McPherson: “You said Harrington was rubbed out with a shotgun loaded with buckshot, the way Laura Hunt was murdered, the night before last.”
Waldo: “Did I?”
McPherson: “Yeah. But he was really killed with a sash weight.”
Waldo: “How ordinary. My version was obviously superior. I never bother with the details, you know.”
McPherson: “I do.”


Neat concept, some decent scenes, and some great dialogue — but McPherson’s insta-love for Laura is a serious issue for me.


Clifton Webb




There’s nothing hotter than reading a dead woman’s diary. That right there is a love story for the ages. That’s the kind of thing you can look forward to telling your children about. How I met your mother — well, kids, it really all started with this big damn portrait . . .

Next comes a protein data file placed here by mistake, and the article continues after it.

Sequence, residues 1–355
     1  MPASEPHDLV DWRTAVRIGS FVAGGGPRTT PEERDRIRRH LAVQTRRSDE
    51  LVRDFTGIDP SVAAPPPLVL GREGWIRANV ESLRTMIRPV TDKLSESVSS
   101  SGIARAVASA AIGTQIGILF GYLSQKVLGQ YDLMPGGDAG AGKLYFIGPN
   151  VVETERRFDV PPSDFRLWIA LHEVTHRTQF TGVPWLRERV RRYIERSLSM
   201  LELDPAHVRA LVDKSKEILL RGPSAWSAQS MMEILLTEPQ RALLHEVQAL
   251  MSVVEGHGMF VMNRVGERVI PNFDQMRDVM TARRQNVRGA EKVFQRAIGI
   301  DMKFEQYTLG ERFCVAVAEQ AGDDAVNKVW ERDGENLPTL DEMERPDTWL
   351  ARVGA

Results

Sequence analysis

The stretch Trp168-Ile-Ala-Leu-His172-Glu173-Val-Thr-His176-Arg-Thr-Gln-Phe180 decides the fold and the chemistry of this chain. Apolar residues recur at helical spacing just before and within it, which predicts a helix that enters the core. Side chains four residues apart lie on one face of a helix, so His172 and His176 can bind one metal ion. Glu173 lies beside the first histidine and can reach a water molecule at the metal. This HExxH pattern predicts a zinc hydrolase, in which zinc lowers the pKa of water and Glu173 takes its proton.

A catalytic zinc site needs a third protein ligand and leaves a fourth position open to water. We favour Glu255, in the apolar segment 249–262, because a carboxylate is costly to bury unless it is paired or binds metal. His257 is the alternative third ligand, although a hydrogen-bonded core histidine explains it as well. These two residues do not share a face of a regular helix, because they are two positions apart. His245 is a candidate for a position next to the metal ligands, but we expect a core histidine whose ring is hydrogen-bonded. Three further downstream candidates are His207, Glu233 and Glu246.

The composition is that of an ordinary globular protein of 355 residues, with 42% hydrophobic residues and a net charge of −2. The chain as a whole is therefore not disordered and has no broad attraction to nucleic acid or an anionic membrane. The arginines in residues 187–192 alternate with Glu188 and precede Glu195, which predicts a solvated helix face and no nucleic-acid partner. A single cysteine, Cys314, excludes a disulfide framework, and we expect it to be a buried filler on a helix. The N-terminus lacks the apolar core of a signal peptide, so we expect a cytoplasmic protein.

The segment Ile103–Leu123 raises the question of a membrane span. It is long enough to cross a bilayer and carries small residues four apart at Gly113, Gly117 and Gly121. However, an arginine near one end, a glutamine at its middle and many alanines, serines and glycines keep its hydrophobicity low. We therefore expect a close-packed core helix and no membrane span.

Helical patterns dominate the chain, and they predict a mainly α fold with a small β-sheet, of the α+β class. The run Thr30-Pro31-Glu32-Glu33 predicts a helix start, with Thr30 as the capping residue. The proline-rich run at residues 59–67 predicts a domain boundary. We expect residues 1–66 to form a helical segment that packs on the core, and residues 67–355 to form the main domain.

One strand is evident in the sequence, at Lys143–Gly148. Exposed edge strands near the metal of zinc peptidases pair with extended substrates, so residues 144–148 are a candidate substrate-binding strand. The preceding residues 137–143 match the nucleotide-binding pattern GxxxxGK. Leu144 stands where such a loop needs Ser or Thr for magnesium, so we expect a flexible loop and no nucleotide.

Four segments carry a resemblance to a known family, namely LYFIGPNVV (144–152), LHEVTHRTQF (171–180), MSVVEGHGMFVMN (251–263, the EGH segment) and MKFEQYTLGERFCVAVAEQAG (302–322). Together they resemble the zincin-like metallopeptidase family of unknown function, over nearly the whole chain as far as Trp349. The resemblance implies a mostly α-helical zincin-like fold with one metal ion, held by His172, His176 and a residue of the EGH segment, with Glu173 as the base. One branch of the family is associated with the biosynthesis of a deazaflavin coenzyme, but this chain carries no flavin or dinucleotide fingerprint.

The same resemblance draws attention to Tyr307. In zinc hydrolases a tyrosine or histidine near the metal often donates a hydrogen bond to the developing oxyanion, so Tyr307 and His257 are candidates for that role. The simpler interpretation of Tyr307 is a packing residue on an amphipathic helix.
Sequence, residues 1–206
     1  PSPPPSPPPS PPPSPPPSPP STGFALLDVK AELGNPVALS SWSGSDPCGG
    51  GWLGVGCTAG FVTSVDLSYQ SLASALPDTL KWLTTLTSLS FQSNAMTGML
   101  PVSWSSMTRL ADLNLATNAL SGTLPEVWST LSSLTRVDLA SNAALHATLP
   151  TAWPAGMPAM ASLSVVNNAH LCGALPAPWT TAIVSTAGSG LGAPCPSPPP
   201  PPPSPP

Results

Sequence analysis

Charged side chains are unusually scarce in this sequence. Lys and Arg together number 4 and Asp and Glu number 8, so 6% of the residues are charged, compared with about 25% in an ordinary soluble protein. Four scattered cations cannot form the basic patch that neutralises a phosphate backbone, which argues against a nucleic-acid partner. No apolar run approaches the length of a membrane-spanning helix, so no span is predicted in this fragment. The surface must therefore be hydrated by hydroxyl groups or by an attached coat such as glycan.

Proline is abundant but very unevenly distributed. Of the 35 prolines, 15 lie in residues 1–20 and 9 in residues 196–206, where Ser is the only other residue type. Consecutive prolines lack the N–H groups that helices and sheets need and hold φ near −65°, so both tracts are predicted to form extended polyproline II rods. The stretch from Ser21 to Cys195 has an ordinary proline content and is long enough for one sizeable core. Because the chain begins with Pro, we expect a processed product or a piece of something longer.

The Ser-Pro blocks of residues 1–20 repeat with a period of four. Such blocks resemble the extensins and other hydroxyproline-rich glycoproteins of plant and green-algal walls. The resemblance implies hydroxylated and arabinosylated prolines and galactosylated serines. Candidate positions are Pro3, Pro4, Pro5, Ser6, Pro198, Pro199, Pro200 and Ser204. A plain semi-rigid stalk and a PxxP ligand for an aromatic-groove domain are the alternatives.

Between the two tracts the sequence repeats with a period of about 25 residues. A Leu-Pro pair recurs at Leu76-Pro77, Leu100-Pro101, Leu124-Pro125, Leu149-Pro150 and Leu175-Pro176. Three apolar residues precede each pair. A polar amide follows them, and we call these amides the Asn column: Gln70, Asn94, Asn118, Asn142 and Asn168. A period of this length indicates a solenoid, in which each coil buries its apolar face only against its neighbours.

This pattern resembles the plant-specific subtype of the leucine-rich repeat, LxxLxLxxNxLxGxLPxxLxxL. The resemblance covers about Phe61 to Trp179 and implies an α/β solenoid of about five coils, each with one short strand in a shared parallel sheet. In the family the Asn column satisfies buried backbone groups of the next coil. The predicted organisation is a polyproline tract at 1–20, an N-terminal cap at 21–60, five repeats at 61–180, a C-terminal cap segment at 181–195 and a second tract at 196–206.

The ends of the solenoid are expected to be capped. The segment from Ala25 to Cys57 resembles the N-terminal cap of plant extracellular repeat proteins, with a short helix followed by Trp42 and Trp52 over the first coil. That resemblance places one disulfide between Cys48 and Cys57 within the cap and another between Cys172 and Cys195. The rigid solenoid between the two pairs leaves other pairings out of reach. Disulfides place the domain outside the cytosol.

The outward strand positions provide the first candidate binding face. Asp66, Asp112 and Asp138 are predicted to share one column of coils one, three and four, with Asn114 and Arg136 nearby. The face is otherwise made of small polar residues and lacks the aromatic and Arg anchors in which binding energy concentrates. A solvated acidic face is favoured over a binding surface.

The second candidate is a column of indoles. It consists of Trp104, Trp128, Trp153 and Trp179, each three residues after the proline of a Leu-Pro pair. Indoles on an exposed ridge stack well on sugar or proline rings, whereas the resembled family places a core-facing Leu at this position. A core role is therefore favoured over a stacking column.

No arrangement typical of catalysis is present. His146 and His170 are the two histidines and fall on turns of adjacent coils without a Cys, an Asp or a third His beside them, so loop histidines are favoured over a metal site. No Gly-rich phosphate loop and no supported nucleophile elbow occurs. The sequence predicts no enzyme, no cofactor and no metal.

3 thoughts on ““How Singularly Innocent I Look This Morning.”